Journalists, politicians, and Americans from every walk of life remembered Gwen Ifill, moderator and managing editor of Washington Week along with co-anchor and co-managing editor of PBS NewsHour with Judy Woodruff. Ifill fought a private battle against cancer and succumbed in the days after a presidential election that missed her expertise and insight.
VillageCelebration contributor Renarda Williams recalled meeting Ifill, who worked at the Boston Herald, The Washington Post, The New York Times, and NBC News before joining PBS. She also moderated the Vice-Presidential Debates in 2004 and 2008.
“Gwen fulfilled her life and duty as a journalist representing her black colleagues and black America. I admired Gwen’s work throughout my print journalism career in Alexandria and Monroe, Louisiana working for the Black Press,” Williams said.
Williams interviewed Ifill about her book, The Breakthrough: Politics and Race in the Age of Obama. Williams recalled, “We had an amazing discussion and realized we had a lot in common as journalists.”
An autographed book and photograph are precious keepsakes from a journalist he and many others admired.
“Gwen instilled in me how important it is to inform people with the news they need to know to empower their minds,” Williams added.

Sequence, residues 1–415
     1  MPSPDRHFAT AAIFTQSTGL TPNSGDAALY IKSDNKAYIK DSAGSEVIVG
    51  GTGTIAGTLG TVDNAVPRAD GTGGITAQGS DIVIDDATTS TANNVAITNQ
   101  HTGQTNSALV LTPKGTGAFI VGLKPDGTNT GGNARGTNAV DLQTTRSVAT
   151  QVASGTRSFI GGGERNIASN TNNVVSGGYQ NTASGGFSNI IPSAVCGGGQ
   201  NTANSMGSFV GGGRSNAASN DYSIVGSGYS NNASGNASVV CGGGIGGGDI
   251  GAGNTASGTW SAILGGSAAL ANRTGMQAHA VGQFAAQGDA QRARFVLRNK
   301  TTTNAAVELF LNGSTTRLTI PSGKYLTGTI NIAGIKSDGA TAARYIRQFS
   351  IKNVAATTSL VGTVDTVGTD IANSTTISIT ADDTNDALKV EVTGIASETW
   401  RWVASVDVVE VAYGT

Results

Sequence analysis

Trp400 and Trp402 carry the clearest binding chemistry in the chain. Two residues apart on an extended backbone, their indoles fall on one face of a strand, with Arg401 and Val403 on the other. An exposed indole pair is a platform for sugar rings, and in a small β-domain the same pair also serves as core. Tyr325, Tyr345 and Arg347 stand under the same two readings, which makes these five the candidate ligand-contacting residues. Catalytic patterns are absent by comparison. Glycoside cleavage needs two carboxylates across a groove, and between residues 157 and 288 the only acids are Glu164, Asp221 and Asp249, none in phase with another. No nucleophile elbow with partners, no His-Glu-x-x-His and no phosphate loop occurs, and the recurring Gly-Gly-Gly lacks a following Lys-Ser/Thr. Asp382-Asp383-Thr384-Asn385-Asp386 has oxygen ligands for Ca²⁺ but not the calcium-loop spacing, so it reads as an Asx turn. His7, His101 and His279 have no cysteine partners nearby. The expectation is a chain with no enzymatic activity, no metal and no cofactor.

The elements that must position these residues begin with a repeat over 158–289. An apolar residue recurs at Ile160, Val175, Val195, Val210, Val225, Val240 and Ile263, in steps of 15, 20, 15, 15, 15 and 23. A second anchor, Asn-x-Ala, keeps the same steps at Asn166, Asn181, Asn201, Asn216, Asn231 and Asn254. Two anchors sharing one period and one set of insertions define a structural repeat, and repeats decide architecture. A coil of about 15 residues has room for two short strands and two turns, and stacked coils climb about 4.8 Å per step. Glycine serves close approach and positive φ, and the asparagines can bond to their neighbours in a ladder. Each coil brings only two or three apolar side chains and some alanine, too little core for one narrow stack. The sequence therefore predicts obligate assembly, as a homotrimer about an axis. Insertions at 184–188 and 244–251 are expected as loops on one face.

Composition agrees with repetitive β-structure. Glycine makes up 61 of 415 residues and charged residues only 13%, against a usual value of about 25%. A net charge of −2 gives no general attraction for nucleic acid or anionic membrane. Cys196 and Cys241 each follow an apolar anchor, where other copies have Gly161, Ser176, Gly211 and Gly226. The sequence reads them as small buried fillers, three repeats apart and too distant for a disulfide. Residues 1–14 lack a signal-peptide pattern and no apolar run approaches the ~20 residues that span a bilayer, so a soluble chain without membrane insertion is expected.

Julieanna Richardson, founder of The HistoryMakers, attended the memorial service for the beloved journalist. Richardson worked with Ifill on The HistoryMakers’ Our Evening With…, a PBS Celebrity series and fundraiser. Ifill hosted the show.
In a letter to supporters of The HistoryMakers, Richardson wrote, “She was also our friend and ardent supporter. We owe our visibility and growth within the PBS family and our acceptance to PBS viewers, to Gwen. In all respects, Gwen Ifill was our North Star. Her loss shook our very core.”
Both Richardson and Williams remembered Ifill’s smile and warm spirit. Richardson’s letter mentioned that The HistoryMakers vast archival collection of interviews with prominent African Americans includes an interview with Ifill. The following is Ifill’s response to an interview question about her legacy:
“I don’t think much about legacy because I guess I’m not there yet. I would like for another generation of young black women to look at me and say, “Oh, I can do that.” I would like for young black men to look at me and say, “Oh, I can do that.” I would like for young white girls to look at me and say, “Oh, I can do that,”…Not because they’re color blind, but because color is just part of the thing that informs them about who I am. I want people to understand that journalism is not just about being a personality. It’s not about opinion. It’s about informing in a way that enhances. And so much of what passes for journalism does not enhance our experience. If you are asking the right questions, listening for the right answers and maintaining a constant high level of curiosity, it will always lead you to the next question. Then you can be an excellent journalist, a chronicler of our times. And the thing about journalism is it leaves a record. And the record becomes your legacy. So if I can do that with honor, and I can do that with respect, and I can leave a generation of young people who say, “I can do that too.” That’s a perfectly fine legacy for me.”
It is a legacy cherished by many in the African American community and elsewhere.